Regulatory — The impact to the Member, customers, and counterparties if the service provider fails to carry out the function properly; and

    Logistics — The location of the service provider and whether it has the resources to meet its contractual obligations and provide the Member with access to required records.

In addition to these primary areas of risk, a Member should consider other potential areas of risk applicable to its business and the regulatory function that is being outsourced. Unless a Member determines that it may adequately manage the risks associated with outsourcing a particular function, a Member generally should not move forward with outsourcing the function.

Onboarding Due Diligence

Scope of Due Diligence. A Member should perform due diligence on any prospective Third-Party Service Provider prior to entering into a contractual outsourcing arrangement in order to determine whether the service provider is able to successfully carry out the outsourced function in a manner designed to comply with NFA and/or CFTC Requirements. For example, in choosing to utilize a third party to examine a Member's branch offices or to comply with recurring or operationally intensive swaps regulatory requirements, Members should ensure that the service provider is aware of relevant NFA and CFTC rules and regulations, has sufficient regulatory experience, and has the operational capabilities to fully and accurately carry out the outsourced function(s). A Member's level of onboarding due diligence should be commensurate with the risks associated with outsourcing a particular regulatory function, be tailored to a Member's business needs, and provide a Member with an appropriate level of confidence in the Third-Party Service Provider's ability to properly carry out the outsourced function.

Additionally, a Member's onboarding due diligence process should be heightened for Third-Party Service Providers that obtain or have access to a Member's critical and/or confidential data and those that support a Member's critical regulatory-related systems (e.g., handling customer segregated funds, keeping required records, filing financial reports, etc.). In these instances, a Member should consider assessing the following key areas relating to a Third-Party Service Provider: IT security (e.g., practices regarding data transmission and storage),9 financial stability,10 background of key employees, regulatory history (e.g., regulatory actions or lawsuits), and business continuity and contingency plans, particularly those related to data availability and integrity.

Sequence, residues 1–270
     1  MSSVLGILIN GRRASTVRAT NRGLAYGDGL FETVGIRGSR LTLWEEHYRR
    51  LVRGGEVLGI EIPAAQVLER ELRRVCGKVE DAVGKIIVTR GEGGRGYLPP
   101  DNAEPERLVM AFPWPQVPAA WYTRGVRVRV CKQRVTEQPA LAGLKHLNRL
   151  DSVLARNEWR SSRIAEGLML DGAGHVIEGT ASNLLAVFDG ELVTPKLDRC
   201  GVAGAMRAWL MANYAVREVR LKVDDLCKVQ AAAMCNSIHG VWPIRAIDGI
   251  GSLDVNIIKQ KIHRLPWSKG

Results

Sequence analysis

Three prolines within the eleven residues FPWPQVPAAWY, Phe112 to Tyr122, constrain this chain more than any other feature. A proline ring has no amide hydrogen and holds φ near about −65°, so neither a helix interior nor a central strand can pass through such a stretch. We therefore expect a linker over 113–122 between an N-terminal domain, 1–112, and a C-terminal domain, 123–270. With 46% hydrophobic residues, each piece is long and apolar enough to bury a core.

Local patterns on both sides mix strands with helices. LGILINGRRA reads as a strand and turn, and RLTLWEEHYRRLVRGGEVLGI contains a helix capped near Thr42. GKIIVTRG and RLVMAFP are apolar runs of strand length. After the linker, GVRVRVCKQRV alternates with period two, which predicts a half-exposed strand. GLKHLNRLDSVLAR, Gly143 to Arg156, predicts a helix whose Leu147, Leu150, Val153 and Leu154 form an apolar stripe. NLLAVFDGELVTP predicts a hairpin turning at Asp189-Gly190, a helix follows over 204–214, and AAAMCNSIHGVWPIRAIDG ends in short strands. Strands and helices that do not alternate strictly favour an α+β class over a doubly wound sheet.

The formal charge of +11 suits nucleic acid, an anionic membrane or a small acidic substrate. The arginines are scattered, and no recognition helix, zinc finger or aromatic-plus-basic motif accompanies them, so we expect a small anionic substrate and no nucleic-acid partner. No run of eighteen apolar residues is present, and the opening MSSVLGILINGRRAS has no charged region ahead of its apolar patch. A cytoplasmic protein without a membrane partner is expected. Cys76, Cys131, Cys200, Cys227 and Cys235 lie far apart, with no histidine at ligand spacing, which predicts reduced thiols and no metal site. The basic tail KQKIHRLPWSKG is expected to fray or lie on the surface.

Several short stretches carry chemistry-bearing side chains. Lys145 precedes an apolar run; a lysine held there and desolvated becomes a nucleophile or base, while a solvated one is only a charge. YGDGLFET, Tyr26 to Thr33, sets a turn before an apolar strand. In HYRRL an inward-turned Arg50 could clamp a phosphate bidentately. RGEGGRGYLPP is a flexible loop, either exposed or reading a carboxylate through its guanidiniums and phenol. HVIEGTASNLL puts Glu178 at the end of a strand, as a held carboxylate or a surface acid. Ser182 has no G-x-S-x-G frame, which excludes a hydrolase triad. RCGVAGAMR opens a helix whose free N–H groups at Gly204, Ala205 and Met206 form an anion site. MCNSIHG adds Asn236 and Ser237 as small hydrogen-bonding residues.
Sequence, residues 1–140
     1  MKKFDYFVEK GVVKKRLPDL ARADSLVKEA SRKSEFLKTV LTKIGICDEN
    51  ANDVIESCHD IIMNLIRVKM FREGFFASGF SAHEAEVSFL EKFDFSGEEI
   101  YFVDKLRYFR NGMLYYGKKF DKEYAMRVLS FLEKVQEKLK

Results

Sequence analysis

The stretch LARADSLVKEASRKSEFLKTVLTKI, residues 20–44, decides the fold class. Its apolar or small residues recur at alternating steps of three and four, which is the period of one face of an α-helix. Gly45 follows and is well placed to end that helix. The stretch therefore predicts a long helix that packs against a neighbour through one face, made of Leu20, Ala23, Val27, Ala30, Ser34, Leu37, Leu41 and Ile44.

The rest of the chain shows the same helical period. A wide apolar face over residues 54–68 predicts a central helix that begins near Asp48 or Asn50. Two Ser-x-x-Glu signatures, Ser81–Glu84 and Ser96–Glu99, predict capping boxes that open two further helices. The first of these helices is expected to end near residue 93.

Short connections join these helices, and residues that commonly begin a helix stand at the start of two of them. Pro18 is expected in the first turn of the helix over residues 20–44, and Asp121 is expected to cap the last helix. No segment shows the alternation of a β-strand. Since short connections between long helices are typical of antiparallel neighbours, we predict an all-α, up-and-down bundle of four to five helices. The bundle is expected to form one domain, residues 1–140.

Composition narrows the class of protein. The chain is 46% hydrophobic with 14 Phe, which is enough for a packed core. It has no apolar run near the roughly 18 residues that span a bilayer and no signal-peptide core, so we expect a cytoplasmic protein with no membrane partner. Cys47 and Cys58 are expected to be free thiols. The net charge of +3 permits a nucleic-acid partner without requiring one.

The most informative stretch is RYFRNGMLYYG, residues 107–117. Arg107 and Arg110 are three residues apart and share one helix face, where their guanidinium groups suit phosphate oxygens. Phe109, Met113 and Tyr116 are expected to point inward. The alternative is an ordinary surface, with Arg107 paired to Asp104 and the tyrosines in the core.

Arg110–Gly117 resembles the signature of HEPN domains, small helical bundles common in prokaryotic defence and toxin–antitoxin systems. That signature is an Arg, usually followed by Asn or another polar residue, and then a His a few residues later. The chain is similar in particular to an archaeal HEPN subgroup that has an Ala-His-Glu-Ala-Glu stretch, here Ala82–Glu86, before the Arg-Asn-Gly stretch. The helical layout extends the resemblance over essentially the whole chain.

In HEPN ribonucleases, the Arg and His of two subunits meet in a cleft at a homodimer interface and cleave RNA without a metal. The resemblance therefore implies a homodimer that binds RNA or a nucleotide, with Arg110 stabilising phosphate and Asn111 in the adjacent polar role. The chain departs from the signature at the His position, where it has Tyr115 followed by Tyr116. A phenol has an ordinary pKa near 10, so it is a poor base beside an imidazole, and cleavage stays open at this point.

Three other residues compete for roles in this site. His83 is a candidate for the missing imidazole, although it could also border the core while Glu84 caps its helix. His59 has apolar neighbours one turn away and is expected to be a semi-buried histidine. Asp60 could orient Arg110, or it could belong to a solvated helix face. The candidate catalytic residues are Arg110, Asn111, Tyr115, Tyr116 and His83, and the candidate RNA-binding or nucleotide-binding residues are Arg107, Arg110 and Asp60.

A Member should also inquire about whether a Third-Party Service Provider subcontracts any of the regulatory functions that the Member outsourced to the service provider. If so, the Member should request the identity of a subcontractor(s) and, if possible, assess the risks associated with the Third-Party Service Provider's subcontracting of the function. A Member should require a Third-Party Service Provider to notify the Member of any change in a subcontractor(s) and retain the ability to terminate the relationship if the service provider makes any material changes involving a subcontractor that would have an adverse effect on the performance of the outsourced function.

Written Agreement.11 A Member and Third-Party Service Provider should execute a written agreement12 that fully describes the scope of services being performed and addresses any guarantees and indemnifications, limitations of liability, and payment terms. NFA recognizes that in some cases a Member, due to its size or otherwise, may have little or no ability to negotiate and secure the inclusion of specific contractual terms, especially in agreements with industry service providers that support critical infrastructure. Each Member, however, should carefully review its Third-Party Service Provider relationships to ensure to the extent possible that contractual terms are appropriate and reflect the outsourcing relationship(s) as intended.